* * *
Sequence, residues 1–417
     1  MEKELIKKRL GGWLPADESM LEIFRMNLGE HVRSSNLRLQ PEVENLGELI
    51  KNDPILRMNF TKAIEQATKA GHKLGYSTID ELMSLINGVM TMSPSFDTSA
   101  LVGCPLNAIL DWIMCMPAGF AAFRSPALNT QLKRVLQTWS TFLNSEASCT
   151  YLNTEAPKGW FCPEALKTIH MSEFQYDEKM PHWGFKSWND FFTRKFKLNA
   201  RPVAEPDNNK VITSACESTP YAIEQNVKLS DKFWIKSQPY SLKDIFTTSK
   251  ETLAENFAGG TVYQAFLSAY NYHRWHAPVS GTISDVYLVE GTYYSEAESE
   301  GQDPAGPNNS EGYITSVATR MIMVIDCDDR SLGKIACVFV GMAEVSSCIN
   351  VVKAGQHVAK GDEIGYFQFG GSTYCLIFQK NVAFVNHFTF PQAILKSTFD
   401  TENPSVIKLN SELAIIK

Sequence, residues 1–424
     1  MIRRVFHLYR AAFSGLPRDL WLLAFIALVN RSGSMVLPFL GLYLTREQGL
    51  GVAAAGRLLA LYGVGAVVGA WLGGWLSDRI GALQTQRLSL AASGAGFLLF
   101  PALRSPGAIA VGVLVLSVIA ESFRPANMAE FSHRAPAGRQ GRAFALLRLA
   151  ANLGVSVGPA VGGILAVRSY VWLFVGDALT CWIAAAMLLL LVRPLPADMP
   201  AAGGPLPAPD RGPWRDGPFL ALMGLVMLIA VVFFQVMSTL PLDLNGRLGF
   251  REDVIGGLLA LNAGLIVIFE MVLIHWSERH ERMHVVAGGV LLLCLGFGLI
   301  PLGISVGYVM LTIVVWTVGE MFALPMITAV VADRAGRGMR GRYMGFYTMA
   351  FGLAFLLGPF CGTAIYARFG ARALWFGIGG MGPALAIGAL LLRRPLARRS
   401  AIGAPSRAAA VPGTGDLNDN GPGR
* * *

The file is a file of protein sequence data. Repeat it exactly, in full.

Sequence, residues 1–417
     1  MEKELIKKRL GGWLPADESM LEIFRMNLGE HVRSSNLRLQ PEVENLGELI
    51  KNDPILRMNF TKAIEQATKA GHKLGYSTID ELMSLINGVM TMSPSFDTSA
   101  LVGCPLNAIL DWIMCMPAGF AAFRSPALNT QLKRVLQTWS TFLNSEASCT
   151  YLNTEAPKGW FCPEALKTIH MSEFQYDEKM PHWGFKSWND FFTRKFKLNA
   201  RPVAEPDNNK VITSACESTP YAIEQNVKLS DKFWIKSQPY SLKDIFTTSK
   251  ETLAENFAGG TVYQAFLSAY NYHRWHAPVS GTISDVYLVE GTYYSEAESE
   301  GQDPAGPNNS EGYITSVATR MIMVIDCDDR SLGKIACVFV GMAEVSSCIN
   351  VVKAGQHVAK GDEIGYFQFG GSTYCLIFQK NVAFVNHFTF PQAILKSTFD
   401  TENPSVIKLN SELAIIK

Sequence, residues 1–424
     1  MIRRVFHLYR AAFSGLPRDL WLLAFIALVN RSGSMVLPFL GLYLTREQGL
    51  GVAAAGRLLA LYGVGAVVGA WLGGWLSDRI GALQTQRLSL AASGAGFLLF
   101  PALRSPGAIA VGVLVLSVIA ESFRPANMAE FSHRAPAGRQ GRAFALLRLA
   151  ANLGVSVGPA VGGILAVRSY VWLFVGDALT CWIAAAMLLL LVRPLPADMP
   201  AAGGPLPAPD RGPWRDGPFL ALMGLVMLIA VVFFQVMSTL PLDLNGRLGF
   251  REDVIGGLLA LNAGLIVIFE MVLIHWSERH ERMHVVAGGV LLLCLGFGLI
   301  PLGISVGYVM LTIVVWTVGE MFALPMITAV VADRAGRGMR GRYMGFYTMA
   351  FGLAFLLGPF CGTAIYARFG ARALWFGIGG MGPALAIGAL LLRRPLARRS
   401  AIGAPSRAAA VPGTGDLNDN GPGR